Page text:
""Liberty and freedom are precious and must be fought for and many generations of Americans have answered the call and heard the toll of the Liberty Bell. Now is such a time and ask not for "whom does the bell toll". For those on the greens at Lexington and Concord heard the call and saw the approaching danger in the forms of "Brown Bess" and "Redcoat". And when the smoke had cleared the deaf ear of the oppressor was pierced by "the shot heard round the world".""
by Ron Russell

Sunday, June 6, 2010


"WE MUTUALLY PLEDGE TO EACH OTHER OUR LIVES, OUR FORTUNES, AND OUR SACRED HONOR"!  Those who have read the Declaration of Independence are familiar with this phrase.

A number of years back a state trooper came to an accident scene in one of our western states, can't recall which one, upon arriving he found a man, hopelessly trapped in the wreckage of his car. The trooper tried without success to remove the man. Shortly after this, the car burst into flames and the helpless man in the car cried out as the flames began to burn his flesh. Finally in sheer agony he begged the state trooper to shoot him---the trooper did not!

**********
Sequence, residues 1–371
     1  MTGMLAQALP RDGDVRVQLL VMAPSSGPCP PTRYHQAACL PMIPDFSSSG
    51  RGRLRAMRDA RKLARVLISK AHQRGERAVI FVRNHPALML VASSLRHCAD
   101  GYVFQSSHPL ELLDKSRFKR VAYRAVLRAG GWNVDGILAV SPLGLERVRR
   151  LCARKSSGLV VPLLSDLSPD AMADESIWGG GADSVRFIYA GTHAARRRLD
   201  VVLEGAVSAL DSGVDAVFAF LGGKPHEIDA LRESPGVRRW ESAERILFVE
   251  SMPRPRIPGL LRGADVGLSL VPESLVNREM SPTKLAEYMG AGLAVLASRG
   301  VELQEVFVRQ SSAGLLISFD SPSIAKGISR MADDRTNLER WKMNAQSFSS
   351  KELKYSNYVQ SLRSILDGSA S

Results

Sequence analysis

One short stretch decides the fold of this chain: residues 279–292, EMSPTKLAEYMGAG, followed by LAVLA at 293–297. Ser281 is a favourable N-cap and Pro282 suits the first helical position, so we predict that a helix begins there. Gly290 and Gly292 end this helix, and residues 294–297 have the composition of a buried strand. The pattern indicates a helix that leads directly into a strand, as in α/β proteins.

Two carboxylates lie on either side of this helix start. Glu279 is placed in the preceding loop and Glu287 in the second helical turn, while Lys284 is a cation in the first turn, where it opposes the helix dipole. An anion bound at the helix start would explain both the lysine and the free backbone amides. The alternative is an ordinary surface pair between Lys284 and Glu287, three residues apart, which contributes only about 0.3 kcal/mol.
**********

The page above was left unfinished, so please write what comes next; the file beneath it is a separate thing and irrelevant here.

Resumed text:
We each will find some point as that trooper did when we must make a decision, perhaps not such a vital one as the trooper, but one nevertheless that will effect us during our remaining days. The trooper choose not to shoot the burning man, maybe because he opposed mercy killing, maybe because he would be breaking the law---there could be any number of reasons. 

How would you have answered the dying man's plea?  Would you think of mercy, of your job, of the law, or of some higher moral values.  The founders were faced with these questions when they put pen to paper and gave us the Declaration of Independence. 

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